There are bigger fish to fry

A story in the Review says a taxpayer received a citation for trespassing and the evidence includes photographs of a commissioner’s house that’s about three feet from the public sidewalk? It’s an incredible story, among so many others reported in the paper.

According to the Review, we have suffered the federal conviction of a Forest Park police officer, we lost $300K to settle a lawsuit with a police officer, we’ve heard claims of sexual harassment within the police department, we have had officers arresting each other for using foul language, and a mayor accused of tampering with a former elected official’s e-mail. What’s happening to our focus? The Review outlines so many serious problems facing the village-from drug use and burglaries to the unsolved murder of a man in his garage. We should do more with our resources than ticket a guy with a camera.

Mary Witte
Forest Park

Inequity on all fronts

I simply do not understand.

Mark Hosty and Steve Backman are engaged in a longstanding feud, the Dec. 23 Review informs us. (“Hosty files complaint against new neighbor.”)

The facts of the story appear to go like this:

Hosty is having work done on his new home on Warren

Backman, also a Warren resident, believed the rehab went well beyond the scope of the posted permits

Backman took photos of the vacant home, documenting the alleged expansion and posted them on

Hosty then filed a trespassing complaint against Backman with the police

Backman denies the charge and is scheduled for an administrative hearing for his alleged ordinance violation.

Most readers will have to tease out those facts, as the heart of the story is to tell us that Backman is irksome to some elected officials by demanding transparency, accountability and consistent enforcement of our laws. Apparently the Review thinks this is a bad thing for our town. Except when they do it.

Simply put, this was a hit piece on a citizen; a character attack on a whistle blower.

I do not understand.

Most of you will be surprised to know the Review wrote an additional piece about the legal problems of Hosty’s rehab, but that story only appeared online on the paper’s Web site. That story reveals that the scope of Hosty’s rehab did indeed greatly exceed his permits. The story attempts to track Hosty and the building department retroactively straightening out the paperwork.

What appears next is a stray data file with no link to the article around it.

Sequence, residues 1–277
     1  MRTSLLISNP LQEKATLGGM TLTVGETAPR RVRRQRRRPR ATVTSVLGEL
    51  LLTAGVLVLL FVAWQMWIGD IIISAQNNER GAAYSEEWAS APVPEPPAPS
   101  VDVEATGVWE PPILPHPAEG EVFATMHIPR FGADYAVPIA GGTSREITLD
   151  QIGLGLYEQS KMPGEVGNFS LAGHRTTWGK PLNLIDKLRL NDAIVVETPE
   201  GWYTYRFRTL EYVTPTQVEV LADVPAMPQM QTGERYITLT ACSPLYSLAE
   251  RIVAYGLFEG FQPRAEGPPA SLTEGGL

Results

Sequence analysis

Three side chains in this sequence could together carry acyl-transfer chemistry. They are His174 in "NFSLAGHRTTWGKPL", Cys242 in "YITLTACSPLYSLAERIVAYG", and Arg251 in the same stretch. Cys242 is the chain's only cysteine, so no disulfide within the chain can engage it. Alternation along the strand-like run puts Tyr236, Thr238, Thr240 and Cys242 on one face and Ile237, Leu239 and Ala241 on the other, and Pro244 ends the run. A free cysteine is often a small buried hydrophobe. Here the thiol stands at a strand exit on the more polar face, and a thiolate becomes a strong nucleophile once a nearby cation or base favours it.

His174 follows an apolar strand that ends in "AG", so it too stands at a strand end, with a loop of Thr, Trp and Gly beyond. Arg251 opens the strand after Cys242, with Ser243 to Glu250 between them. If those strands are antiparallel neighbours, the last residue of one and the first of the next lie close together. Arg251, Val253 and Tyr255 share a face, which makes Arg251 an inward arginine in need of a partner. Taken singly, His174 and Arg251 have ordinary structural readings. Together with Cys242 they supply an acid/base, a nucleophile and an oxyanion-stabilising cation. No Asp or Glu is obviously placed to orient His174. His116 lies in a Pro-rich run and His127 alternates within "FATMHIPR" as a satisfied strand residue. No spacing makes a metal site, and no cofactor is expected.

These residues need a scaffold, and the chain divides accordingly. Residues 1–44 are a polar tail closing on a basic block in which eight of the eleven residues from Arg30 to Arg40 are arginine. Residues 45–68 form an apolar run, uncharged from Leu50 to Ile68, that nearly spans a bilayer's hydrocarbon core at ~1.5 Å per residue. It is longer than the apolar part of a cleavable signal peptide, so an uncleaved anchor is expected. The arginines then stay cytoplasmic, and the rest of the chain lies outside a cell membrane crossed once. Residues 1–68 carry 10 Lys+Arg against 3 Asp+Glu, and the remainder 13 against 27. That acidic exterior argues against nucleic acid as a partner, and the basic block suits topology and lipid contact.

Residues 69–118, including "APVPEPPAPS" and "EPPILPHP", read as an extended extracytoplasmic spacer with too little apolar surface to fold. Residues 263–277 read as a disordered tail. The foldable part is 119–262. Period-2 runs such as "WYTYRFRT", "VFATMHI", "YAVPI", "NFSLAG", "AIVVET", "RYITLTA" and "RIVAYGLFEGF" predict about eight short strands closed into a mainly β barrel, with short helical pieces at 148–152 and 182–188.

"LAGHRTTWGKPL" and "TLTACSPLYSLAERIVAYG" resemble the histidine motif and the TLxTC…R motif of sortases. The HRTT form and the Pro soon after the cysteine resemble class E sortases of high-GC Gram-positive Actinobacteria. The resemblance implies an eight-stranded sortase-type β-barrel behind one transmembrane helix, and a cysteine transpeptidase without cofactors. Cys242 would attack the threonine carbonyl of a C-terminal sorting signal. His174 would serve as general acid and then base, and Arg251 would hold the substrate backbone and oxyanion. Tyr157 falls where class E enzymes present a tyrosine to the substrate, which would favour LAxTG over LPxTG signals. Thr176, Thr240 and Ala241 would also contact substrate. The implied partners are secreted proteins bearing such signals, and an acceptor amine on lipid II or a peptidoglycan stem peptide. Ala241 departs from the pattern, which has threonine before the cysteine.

I do not understand.

I idealize newspapers but know they are not perfect.

But I have never mistrusted my local newspaper, and I hope the Review can justify its news choices.

Our building and zoning codes and their capricious enforcement have been a significant problem for at least 10 years. In 2005 the Review wrote a series of investigative pieces that ended with a call for clarity and consistency.

In 2006, the Review followed the very serious but loony epic of 417 Circle, in which the owner almost lost her two-flat and coach house to a zoning law. The Review acknowledged our laws were bizarre and our enforcement inscrutable, but doggone it, it was the law and must be enforced.

In 2007, the fact that 70 percent of our housing was legal non-conforming got the attention of many candidates, some who pledged to rewrite our zoning laws.

In 2008, the Review treated an alleged significant code abuse by a lawmaker as a juicy personal squabble and then blamed the whistle blower.


It is 2009, and like Mark Hosty I am a homeowner currently in the process of rehabbing my home and petitioning for a zoning variance. My experience with Mike Boyle and the building department could not be more different from Hosty’s. Mine has been extremely exacting, letter of the law enforced and any mistakes penalized.

The mayor, the village council, the building department and the Review know all this-and in detail.

So, are y’all supporting a two-tiered system of law and justice in Forest Park?

If so, it is not acceptable. It cannot stand.

Sharon Daly
Forest Park